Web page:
# RNN LSTM not converging with Adam

I am trying to train a RNN with text from wikipedia but I having having trouble getting the RNN to converge. I have tried increasing the batch size but it doesn't seem to be helping. All data is one hot encoded before being used and I am using the Adam optimizer which is implemented like this.

   for k in M.keys(): ##For k in weights
M[k] = beta1 * M[k] + (1-beta1)*grad[k]
R[k] = beta2 *R[k] + (1-beta2)*grad[k]**2
m_k = M[k] / (1-beta1**n)
r_k = R[k] / (1-beta2**n)
model[k] = model[k] - alpha * m_k / np.sqrt(r_k + 1e-8)


Beta1 is set to 0.9, beta2 to 0.999 and alpha is set to 0.001. When I train it for 50,000 I get very high fluctuation of the cost and it never seems to significantly decrease (only sometimes due to the fluctuations (and I catch the weights with the lowest cost)).My hidden_size is 400 and the batch size is 200

After sketching the cost of iterations I get a graph like this:

It seems to be increasing on average only seeming to decrease to the the large fluctuations. What can I change to have better success and have it converge?

Thanks for any help

Edit: I plotted the norm of the gradient using the slightly different cost function which @DennisSoemers suggested and the gradient does not reduce significantly.

• Have you tried a different optimiser? I find Adadelta to be a much more robust than Adam in general. Also, in some cases you can benefit from using a simpler cell - maybe try a GRU instead and see if that helps. Finally, the batch size seems a bit high - try to reduce it by an order of magnitude. – cantordust Dec 27 '18 at 13:32
• When you train RNNs, it's crucial to use gradient clipping. Could you draw a norm of a gradient over time? – Konstantin Solomatov Dec 28 '18 at 16:15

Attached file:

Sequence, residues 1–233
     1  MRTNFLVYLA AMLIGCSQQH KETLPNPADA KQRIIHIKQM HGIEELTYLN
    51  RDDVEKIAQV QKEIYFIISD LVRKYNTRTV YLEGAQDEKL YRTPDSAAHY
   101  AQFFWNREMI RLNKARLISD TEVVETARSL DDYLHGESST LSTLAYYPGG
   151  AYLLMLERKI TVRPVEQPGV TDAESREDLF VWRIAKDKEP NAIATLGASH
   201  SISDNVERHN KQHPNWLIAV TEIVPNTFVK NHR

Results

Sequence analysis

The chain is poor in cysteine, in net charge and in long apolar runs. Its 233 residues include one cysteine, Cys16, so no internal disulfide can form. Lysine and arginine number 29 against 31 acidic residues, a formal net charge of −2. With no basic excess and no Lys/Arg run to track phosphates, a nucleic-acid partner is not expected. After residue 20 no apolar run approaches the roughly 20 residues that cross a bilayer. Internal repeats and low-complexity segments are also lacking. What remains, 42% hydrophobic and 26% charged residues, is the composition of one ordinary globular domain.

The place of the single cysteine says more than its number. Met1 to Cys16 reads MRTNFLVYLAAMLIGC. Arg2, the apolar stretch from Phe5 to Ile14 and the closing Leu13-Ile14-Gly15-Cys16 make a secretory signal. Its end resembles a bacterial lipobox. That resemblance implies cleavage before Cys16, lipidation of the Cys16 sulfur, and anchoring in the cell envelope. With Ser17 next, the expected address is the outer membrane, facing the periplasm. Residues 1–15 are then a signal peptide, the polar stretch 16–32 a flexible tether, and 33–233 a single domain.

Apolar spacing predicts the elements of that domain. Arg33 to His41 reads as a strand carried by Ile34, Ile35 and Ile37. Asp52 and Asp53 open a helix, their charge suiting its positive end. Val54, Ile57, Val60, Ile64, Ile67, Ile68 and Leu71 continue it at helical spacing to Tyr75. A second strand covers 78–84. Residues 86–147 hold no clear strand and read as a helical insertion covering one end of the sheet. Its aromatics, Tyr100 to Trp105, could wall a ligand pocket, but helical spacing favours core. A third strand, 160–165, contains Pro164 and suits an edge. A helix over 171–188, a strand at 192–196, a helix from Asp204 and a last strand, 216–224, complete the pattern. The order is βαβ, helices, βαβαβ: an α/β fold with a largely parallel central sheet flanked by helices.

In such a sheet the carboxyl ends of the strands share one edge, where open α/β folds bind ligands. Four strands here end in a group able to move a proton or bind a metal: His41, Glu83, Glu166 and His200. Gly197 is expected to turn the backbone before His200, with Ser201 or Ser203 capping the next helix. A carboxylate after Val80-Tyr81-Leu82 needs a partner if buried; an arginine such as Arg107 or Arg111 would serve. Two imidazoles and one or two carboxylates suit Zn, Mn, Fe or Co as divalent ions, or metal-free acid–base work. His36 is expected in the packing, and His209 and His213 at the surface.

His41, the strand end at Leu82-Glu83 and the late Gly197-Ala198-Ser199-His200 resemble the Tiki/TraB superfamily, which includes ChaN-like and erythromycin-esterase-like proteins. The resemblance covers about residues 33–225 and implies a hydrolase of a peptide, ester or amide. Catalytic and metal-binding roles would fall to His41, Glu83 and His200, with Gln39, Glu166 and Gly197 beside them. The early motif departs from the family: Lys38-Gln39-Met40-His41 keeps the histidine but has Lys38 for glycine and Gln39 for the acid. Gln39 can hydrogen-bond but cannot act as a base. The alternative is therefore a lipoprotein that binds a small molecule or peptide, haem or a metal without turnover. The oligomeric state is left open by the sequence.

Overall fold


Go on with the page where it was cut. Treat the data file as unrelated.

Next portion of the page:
• @KonstantinSolomatov I have added the graph of the norm of the gradient over time would gradient clipping be of any use? – treutm Dec 30 '18 at 20:19
• @treutm It looks like you added the same plot twice, rather than two different plots? As for cross-entropy loss, normally that would be $-y \log \hat{y}$, where $y$ is your target and $\hat{y}$ your current prediction. Your loss function definitely should somehow include both the target and your current prediction... it looks like what you wrote only contains the target, not the current prediction? – Dennis Soemers Dec 30 '18 at 20:25
• @treutm You're doing character prediction? If so ehm.. yes, I think so. I personally don't really often work with text-based ML, but... yes. $y$ and $\hat{y}$ should have the same format. If $\hat{y}$ is a vector encoding a discrete probability distribution over characters, $y$ should also be a vector of equal length encoding the ground truth (i.e. a single $1$ entry, all other entries $0$). For the math to still be correct with vector-valued outputs, we'll have to transpose the first one in what I wrote above; $-y^{\top} \log \hat{y}$ – Dennis Soemers Dec 30 '18 at 20:37